My Twitter stream this morning included a link to a blog post by Abhijit Kadle of Upside Learning. That, in turn took me to this article in the McKinsey Quarterly (registration required) covering an interview with Brad Bird, talking about the importance of innovation.
The stand out thing that served to hook me in was Brad Bird's name (non sequitur: Brad Bird is listed on IMDB as 'aka Bradley Bloody Bird'. I love that. It makes me feel better about my own sometime nickname, to wit: 'that emasculating bitch').
May I just confess that I love animated movies? Not all of them, of course. But so many of them are cleverly wrought. And Brad Bird's work is right up there, in my opinion.
When my children were little, I used them as an excuse to see all the animated movies, and to buy them on video (yup, it was a while ago). When they reached a certain age, I had a decision to make: I either owned up to the fact that I was going to the movies because I wanted to see the films, or I gave up on the big screen experience of animated feature films.
I took a big girl pill and opted for the former.
Fortunately, I was not alone. There are many of us out there, happily consuming animated movies.
And my kids have never outgrown their love of animated movies, either. They are completely unfazed at the idea of going to a cinema to see Up (highly recommended - take tissues), or The Incredibles, or whatever. I suspect that this is partly to do with the fact that games console games are animated and decidedly un-childish; and partly due to the influence of The Simpsons (which is also a Brad Bird thing, by the way), followed by all manner of animated definitely-not-for-children TV shows, such as South Park, American Dad et al.
But I digress.
Brad Bird's work pushes boundaries. And I love that. Producers of animated series often confess that they experience frustration during brainstorming sessions, as every 'new idea' they come up with has already been done in The Simpsons. Bird went there first.
In the McKinsey article, one section jumped out at me:
Bird discussed the importance, in his work, of pushing teams beyond their comfort zones, encouraging dissent, and building morale. He also explained the value of “black sheep”—restless contributors with unconventional ideas. Although stimulating the creativity of animators might seem very different from developing new product ideas or technology breakthroughs, Bird’s anecdotes should stir the imagination of innovation-minded executives in any industry.Yes. Yes. And yes.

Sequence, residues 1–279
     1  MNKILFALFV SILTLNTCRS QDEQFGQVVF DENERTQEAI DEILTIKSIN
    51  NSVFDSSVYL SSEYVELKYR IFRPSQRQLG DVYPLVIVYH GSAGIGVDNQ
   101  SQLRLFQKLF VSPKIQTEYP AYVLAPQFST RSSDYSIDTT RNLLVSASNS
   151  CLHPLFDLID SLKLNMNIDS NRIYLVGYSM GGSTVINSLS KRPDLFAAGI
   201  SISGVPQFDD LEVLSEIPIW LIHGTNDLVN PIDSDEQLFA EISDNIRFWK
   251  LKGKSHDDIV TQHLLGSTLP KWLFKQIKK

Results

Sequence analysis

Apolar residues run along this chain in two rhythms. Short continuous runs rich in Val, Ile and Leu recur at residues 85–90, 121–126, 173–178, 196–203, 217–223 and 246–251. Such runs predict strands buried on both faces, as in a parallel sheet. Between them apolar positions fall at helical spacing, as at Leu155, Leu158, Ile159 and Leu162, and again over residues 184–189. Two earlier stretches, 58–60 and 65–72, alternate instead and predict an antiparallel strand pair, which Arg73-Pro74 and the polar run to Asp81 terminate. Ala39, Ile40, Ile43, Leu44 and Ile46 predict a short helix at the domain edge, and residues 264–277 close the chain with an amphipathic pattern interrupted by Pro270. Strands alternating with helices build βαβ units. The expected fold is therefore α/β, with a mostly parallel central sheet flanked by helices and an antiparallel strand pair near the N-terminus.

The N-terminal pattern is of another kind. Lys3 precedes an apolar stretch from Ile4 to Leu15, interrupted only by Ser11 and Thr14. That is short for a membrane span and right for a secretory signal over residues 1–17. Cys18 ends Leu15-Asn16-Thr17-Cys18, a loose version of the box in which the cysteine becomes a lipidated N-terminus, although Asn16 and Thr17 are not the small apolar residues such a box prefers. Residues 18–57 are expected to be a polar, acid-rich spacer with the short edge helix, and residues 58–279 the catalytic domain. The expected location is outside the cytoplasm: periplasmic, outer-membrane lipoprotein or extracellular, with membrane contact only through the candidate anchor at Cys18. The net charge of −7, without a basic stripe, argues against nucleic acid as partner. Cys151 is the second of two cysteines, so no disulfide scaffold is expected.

It isn't easy to be the designated sandpaper in any equation. To be the person who challenges the status quo. Who pushes back on the preconceptions and assumptions. Those of us who find ourselves in this position (and I am relatively fine-grained sandpaper, compared to some of you brave souls), are often told that we should stop being so difficult. The assumption is made that we do so just for the sake of it.
But we cannot just lower our heads and traipse along the well-worn paths, and still look ourselves in the mirror. We're just not made that way.
And occasionally, just occasionally, we stumble across evidence that there is a good reason to be the way we are. That we serve some purpose, other than driving people nuts. This interview with Bird is one such.
But let's look for a moment at the role of the executive (Steve Jobs, Ed Catmull, and John Lasseter), here. They were the ones who were brave enough to unleash Bird on their empire. Off the back of huge blockbusters that we animated movie fans have all watched countless times, they took a chance on Bird whose latest project (The Iron Giant) had been less than stellar (although I, of course, loved it):
“The only thing we’re afraid of is complacency—feeling like we have it all figured out. We want you to come shake things up. We will give you a good argument if we think what you’re doing doesn’t make sense, but if you can convince us, we’ll do things a different way.” For a company that has had nothing but success to invite a guy who had just come off a failure and say, “Go ahead, mess with our heads, shake it up”—when do you run into that?Don't you wish you'd get a mandate like that? And don't you wish you'd get more of that 'good argument'? When you're thinking out loud and making suggestions and exploring possibilities, don't you wish that people would argue with you if they disagree, instead of sitting there looking mutinous?
Argh! Engage, people. Engage! Disagree. Make your case. Fight your corner.
If I'm wrong, talk me out of it. But don't just cling to the wreckage of the default position because 'that's how we do things around here'. Why do you do things that way? If you have a reason, tell me. If it turns out that your reason has passed its sell-by date, perhaps we can find a more effective way of doing things. Together. But we can't do that if you don't add your ideas to the mix, now can we?
And, just to finish off with - does the man's talent know no bounds? Having failed to find anyone to voice the delightful Edna in The Incredibles to his satisfaction, Bird was talked into doing it himself. I had assumed, when I saw the movie, that they had somehow talked Yoko Ono into doing the voice, and was somewhat incredulous when the credits rolled.
I later saw an interview with one of the team members, who shared how it had come about that Bird voiced this character himself. Apparently, he was advising Lily Tomlin on how to voice the character, and she suggested that he had nailed it so perfectly that he should do it himself. Ladies and gentlemen, I give you Edna Mode: